[Editor’s Note: British spellings have been preserved upon request.]
Recently, I fell hard for Stardew Valley. Somehow, I’ve already put in almost two full days of playtime, gotten well into my second year, and even reached the bottom of the mines. And all the while I’ve been thinking about how, at its core, it’s a self-care simulator.
The game begins when your character moves to their grandfather’s old farm just outside the rustic Pelican Town because they have reached a point of complete disillusionment with their old life. Along with improving their new farm, home, and village, they improve their basic wellbeing through consistent, careful attention to their own needs.
This isn’t something that you’re told to do, nor explicitly rewarded for, but it’s baked into the mechanics of the game. By playing Stardew Valley, you are performing a self-care routine for your character over and over again. It’s one of the things that makes Stardew such a happy game, and this positivity at its core has certainly contributed to the game’s runaway success.
Every day in Stardew is full of opportunity. There is far more to do in a day than can ever get done, but time is not the limiting factor; your energy levels are. You’re only given a certain amount to get you through the in-game day, and each action uses up some of that energy. If you use up too much energy, you’ll become sluggish and have less to use the next day. As in real life, rest and recuperation is vital.
The way that this mechanic is used in Stardew Valley also lines up closely with the Spoon Theory, a common concept in circles discussing disability and chronic illnesses. The theory uses spoons as a metaphorical unit of energy, and when one has used up all of their day’s spoons, they often have no choice but to rest. Or, if they overspend these spoons, they are borrowing from the next day’s reserve.
Although Stardew does not use another key aspect of this theory—that the amount of spoons allocated per day is random and may sometimes be so low that even getting out of bed is a success—it nonetheless means that the game relies upon moderation and careful consideration of what is best for yourself. This is a core tenet of self-care, and by making this the player’s daily key concern, it sets up this theme that underlies the entirety of the game.
Energy can be regained in Stardew through eating, drinking, and sleeping. Taking care of the basics is vital, but greater rewards come from greater effort. For example, you can get by on basic foodstuffs, but if you can combine them for fuller meals, more of your energy (and health, if you’ve lost some of that through fighting monsters) will be restored. And, just as in real life, sleeping enough and eating well is often easier said than done, but equally putting effort into these essentials will give you a strong foundation to move forward.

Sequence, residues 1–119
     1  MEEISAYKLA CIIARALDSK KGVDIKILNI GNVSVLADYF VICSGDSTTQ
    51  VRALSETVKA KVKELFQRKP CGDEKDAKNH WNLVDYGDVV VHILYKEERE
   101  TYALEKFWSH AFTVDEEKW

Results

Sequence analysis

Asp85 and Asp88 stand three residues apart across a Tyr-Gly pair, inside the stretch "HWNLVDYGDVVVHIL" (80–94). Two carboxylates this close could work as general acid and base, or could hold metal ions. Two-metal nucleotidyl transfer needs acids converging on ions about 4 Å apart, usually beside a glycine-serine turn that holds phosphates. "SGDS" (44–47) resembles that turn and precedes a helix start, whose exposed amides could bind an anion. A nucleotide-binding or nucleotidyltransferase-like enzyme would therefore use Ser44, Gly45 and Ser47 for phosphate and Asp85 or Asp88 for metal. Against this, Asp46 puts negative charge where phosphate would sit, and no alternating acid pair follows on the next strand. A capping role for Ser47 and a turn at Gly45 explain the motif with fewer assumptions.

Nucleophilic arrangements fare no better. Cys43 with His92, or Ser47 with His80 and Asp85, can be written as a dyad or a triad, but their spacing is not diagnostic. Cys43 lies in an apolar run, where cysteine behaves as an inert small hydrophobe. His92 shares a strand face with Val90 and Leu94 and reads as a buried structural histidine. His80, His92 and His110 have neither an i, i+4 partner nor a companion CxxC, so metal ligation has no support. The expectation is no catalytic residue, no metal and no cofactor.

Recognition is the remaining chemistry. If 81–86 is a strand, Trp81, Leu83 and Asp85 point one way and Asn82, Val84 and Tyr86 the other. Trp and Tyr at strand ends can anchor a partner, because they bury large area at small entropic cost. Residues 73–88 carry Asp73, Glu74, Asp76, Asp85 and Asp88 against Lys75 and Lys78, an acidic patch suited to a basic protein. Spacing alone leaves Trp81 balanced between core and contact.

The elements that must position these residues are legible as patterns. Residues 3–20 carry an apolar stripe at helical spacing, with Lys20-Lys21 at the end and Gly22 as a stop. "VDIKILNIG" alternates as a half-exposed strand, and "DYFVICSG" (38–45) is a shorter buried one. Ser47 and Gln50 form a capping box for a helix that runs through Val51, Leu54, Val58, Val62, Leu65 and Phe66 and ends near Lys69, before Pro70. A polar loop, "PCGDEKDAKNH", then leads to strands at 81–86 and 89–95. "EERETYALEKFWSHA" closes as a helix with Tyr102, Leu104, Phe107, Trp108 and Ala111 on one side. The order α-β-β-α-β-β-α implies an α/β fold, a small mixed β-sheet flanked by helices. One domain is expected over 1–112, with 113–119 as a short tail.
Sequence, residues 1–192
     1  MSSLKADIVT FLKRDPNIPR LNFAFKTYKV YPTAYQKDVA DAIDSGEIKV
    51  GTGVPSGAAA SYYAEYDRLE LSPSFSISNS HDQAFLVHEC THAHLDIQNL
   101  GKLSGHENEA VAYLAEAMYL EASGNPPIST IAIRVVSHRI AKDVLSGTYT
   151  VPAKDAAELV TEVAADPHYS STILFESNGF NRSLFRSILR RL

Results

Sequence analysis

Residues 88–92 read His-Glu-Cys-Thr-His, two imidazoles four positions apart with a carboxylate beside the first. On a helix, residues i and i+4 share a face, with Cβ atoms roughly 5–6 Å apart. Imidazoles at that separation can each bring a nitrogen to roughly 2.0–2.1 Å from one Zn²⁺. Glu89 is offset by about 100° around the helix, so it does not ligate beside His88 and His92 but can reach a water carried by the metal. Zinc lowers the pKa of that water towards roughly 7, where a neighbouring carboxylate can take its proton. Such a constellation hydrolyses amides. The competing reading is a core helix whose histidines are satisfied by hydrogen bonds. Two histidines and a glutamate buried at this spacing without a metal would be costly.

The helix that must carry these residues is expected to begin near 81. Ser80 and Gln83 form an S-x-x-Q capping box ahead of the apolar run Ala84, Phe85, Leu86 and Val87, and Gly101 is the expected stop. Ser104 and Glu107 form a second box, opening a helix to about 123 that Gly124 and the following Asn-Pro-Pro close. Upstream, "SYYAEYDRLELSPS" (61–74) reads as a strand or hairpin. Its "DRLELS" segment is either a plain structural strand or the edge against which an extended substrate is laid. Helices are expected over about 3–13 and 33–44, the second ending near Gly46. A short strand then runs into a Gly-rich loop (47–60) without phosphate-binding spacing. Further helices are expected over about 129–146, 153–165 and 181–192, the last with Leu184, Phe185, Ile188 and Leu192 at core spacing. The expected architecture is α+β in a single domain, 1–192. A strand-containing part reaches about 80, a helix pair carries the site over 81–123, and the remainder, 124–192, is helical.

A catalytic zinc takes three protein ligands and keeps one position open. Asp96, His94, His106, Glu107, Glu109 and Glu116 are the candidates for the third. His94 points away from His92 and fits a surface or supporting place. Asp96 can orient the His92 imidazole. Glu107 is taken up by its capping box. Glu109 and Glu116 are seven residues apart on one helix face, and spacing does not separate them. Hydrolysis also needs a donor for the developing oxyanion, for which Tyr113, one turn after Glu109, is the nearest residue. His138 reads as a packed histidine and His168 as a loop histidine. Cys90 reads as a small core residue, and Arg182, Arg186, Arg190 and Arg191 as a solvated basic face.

This effort management is almost Stardew’s daily routine, but it is occasionally broken up by in-game events such as the Flower Dance, Spirit’s Eve, or Festival of Ice, or you can visit the spa for a full energy top-up. Taking breaks and days off is also a nice reinvigoration when it comes to real life self-care.
So, you’ve gotten the hang of balancing your energy levels. Now you have to decide how to use up your allocated energy points. The world of Stardew Valley is full of options, and each is as valid as the next. I’m a collector at heart, so I’m working on restoring the Community Centre. I also love the mining and foresting, but I’m not a huge fan of the farming—even if this is nominally the basis of the game.
These decisions are a mechanic that result in the player character gradually taking better care of themselves as they learn what’s best for them as an individual. Whilst we always have to do things we don’t want to sometimes, it’s also often possible—and good for you—to say no to things at other times. At first, I did plenty of fishing in Stardew because I feared missing out on this aspect of the game, but since I didn’t actually enjoy it, I stopped.
You will also have to make choices about what you upgrade with your profits. Do you want a new coop for your birds, or a shiny new pickaxe? Making these kinds of decisions enables you to tailor the self-care routine at the core of Stardew to your personal tastes by improving the parts that you enjoy. Equivalents in real life could vary from buying that bath bomb you’ve been eyeing all the way through to speaking to your doctor about treatments for mental health. Personalisation is at the heart of self-care, and it’s no different in Stardew.
Finally, a pair of mechanics seal up Stardew into one big self-care package: high levels of rewards, and low levels of punishments. You will be enthusiastically rewarded for putting in the effort. Reached a new milestone in the mines? You get a new piece of equipment. Completed a quest for a villager? Have a big pile of gold. Finished a Community Centre collection? Well, I won’t spoil what happens, but let’s just say it’s cute.
Sometimes you have to do difficult things for rewards, but sometimes they’re easy. This is vital in a self care routine; sure, treat yourself when you ace that exam or project, but also for the smaller victories like making a difficult phone call, helping a friend out, or even just getting through a tough day.
On the other hand, there’s no fail state. Your farm can be gorgeous and organised, but if it’s a haphazard mess (like mine is), it’s no big deal! And whilst it sucks to run out of health in the mines and lose gold, items, and levels, it’s very easy to gain it all back and more by jumping straight back in.
In other words, you can’t lose at Stardew, just as you can’t lose when you treat yourself with kindness. It’s a wonderful message and mechanic in a game that is also extremely enjoyable overall. Now, if you’ll excuse me, I’d better go and gather my turnips.